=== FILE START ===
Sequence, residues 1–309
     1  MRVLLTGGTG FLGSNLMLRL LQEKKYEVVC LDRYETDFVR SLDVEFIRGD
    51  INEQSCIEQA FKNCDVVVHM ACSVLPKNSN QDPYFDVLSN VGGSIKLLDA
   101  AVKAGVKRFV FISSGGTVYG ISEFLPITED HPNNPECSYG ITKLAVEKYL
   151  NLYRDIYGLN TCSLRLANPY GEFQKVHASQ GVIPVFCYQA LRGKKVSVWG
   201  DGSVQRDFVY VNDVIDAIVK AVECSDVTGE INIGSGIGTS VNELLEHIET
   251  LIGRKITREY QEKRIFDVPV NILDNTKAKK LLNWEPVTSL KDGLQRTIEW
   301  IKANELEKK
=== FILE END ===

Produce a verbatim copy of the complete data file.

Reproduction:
Sequence, residues 1–309
     1  MRVLLTGGTG FLGSNLMLRL LQEKKYEVVC LDRYETDFVR SLDVEFIRGD
    51  INEQSCIEQA FKNCDVVVHM ACSVLPKNSN QDPYFDVLSN VGGSIKLLDA
   101  AVKAGVKRFV FISSGGTVYG ISEFLPITED HPNNPECSYG ITKLAVEKYL
   151  NLYRDIYGLN TCSLRLANPY GEFQKVHASQ GVIPVFCYQA LRGKKVSVWG
   201  DGSVQRDFVY VNDVIDAIVK AVECSDVTGE INIGSGIGTS VNELLEHIET
   251  LIGRKITREY QEKRIFDVPV NILDNTKAKK LLNWEPVTSL KDGLQRTIEW
   301  IKANELEKK